• Guidance to help patient flow sets out trusts’ priorities for 2017-18 in 10 key areas
  • NHS bosses say many trusts are already hitting some of the targets but they must go further
  • Trusts that are not compliant will be asked to explain why or face sanctions

Hospitals must meet best practice standards around improving patient flow this financial year or they could face sanctions, as system leaders try to avert another A&E winter crisis.

The guidance comes amid concerns being raised about the lack of improvement made against the four hour target, and NHS leaders understood to be lobbying ministers for more funding.

Meanwhile, improvement chiefs warned some struggling hospitals will take up to 18 months to return to 95 per cent on the four hour target, and that the cultural and behavioural changes required, as well as the processes, “will take time”.

Kathy mc lean

Kathy McLean asked trusts to ‘redouble efforts’ ahead of winter

NHS Improvement’s Good practice guide: focus on improving patient flow brings together existing best practice guidance in 10 core areas including ambulance handovers, frailty and mental health (see box below).

NHS Improvement told HSJ trusts must “comply or explain” with the requirements, and they must be met this year. A spokeswoman confirmed failure to do so would result in regulatory action, however the details of this have not been set out.

Regulators accept that many trusts are already doing at least some – and in some cases a considerable amount – of what is set out in the guidance. But the central message is no trust has every area covered, and there is considerable room for improvement at most hospitals.

The guidance says: “The good practice is not new… we know it works…Implementing the good practice in all 10 areas will have positive, cumulative effect on improving patient flow. Implementing it piecemeal will be much less effective.”

Matthew Cooke, regional clinical lead for the Emergency Care Improvement Programme, which oversaw development of the guidance, told HSJ the challenge for trusts was not just to “tick” the boxes.

“[Trusts must ask themselves] ‘are we doing this reliably? Are we doing this 24/7 or just 9pm to 5am Monday to Friday?’ The big question we are asking is ‘how close can you get to [these standards] 24/7 this winter’?,” he said.

Winter priorities

The key priorities outlined by NHS Improvement will see all trusts:

  • Ensure patients arriving by ambulance are handed over safely and quickly so ambulances are available for the next emergency call.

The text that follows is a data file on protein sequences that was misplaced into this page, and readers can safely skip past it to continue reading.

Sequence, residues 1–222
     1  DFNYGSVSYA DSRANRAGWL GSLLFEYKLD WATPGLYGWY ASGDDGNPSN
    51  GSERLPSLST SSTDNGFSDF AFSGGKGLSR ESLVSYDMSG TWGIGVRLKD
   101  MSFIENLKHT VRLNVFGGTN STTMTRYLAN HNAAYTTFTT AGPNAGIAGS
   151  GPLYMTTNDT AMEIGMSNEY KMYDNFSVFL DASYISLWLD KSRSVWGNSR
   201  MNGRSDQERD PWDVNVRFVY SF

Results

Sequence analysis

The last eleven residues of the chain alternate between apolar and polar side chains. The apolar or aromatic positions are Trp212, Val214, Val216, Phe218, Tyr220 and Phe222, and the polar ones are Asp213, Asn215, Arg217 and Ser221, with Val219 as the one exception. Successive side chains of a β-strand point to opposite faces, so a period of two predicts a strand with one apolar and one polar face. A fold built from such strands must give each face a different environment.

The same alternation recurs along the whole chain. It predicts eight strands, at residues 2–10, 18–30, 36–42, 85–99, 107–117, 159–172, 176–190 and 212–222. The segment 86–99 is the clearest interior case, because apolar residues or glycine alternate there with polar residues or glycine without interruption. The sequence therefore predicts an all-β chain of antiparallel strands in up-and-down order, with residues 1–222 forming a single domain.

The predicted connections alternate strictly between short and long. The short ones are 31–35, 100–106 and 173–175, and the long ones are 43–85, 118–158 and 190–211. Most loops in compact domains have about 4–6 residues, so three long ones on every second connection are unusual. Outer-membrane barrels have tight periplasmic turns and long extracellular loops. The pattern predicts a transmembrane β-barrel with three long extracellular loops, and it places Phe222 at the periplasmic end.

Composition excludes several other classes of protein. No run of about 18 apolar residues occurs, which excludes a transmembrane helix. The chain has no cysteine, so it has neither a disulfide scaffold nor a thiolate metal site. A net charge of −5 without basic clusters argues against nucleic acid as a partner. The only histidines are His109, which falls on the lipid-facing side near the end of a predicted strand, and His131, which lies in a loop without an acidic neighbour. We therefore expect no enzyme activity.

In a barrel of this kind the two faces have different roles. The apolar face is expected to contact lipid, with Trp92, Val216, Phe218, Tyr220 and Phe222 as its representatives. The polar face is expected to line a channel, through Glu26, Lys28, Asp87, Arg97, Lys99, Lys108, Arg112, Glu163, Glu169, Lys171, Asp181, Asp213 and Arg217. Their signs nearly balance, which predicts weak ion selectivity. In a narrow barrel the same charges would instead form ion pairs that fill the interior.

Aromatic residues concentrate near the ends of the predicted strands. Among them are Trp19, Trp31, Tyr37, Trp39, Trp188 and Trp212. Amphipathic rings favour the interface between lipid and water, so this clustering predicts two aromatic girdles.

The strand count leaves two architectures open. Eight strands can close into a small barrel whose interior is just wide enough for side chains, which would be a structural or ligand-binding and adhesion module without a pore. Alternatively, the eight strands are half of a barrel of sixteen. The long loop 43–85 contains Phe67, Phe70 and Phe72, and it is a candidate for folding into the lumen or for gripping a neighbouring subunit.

• Set up processes to effectively manage people who attend emergency departments with problems GPs could treat.
  • Develop better approaches for helping people coming to emergency departments with mental health crises.
  • Adopt same day “ambulatory care” to reduce the number of people admitted overnight to diagnose and treat their medical problems.
  • Implement best practice for the treatment of frail older people.
  • Develop effective approaches to achieve safe and timely discharge for people who need support at home, without prolonged assessments in hospital.

NHS Improvement has also published examples of good practice.

NHS Improvement said the guidance “was written in collaboration with and endorsed by experts from the royal colleges of emergency medicine, physicians and surgeons”.

Executive medical director Kathy McLean said: “Our guidance aims to support improvement in the way hospitals deliver safe, timely and effective patient care year-round but especially as we approach winter.

“Best practice in patient flow, as outlined in the guidance, should be implemented systematically and comprehensively. We are asking all NHS trusts in England to consider the extent to which they have successfully implemented all the best practice in our guidance and to redouble efforts where there are gaps ahead of the forthcoming winter period.”

The Royal College of Emergency Medicine said in a statement: “We are pleased to collaborate on this important work with NHSI. By all metrics the months ahead promise to be the toughest for urgent and emergency care systems in England and indeed seem likely to be worse even than last year.

“Having a major focus on maximising flow will be vital if we are to avoid the pernicious consequences of exit block that create overcrowded Emergency Departments (EDs) and result in increased patient harm.”

The college said getting the right staffing models in place for emergency departments was “the elephant in the room“. It is working on a new workforce plan with NHS Improvement and other partners which is “nearing completion”, it said.

The Royal College of Surgeons raised concerns about official performance data for May, published yesterday, which “shows that A&E performance is continuing to decline”. In May 89.7 per cent of patients were seen within four hours in May 2017. This was down from 90.3 per cent for the same month last year.

The RCS added: “Performance is even worse for major A&E units. Only 84.6 per cent of Type 1 A&E units met the four hour target, compared to 85.4 per cent the previous May and 85.7 per cent in April.

RCS vice president Ian Eardley said: “It is also disappointing that A&E performance is worsening despite that this is now a higher priority for NHS England and the government. The NHS needs to better understand why this has happened and whether recently announced measures are sufficient.

“Patients in the NHS can continue to expect good quality treatment but today’s data underlines the challenge currently facing us to improve timely access to surgery and other treatment.”

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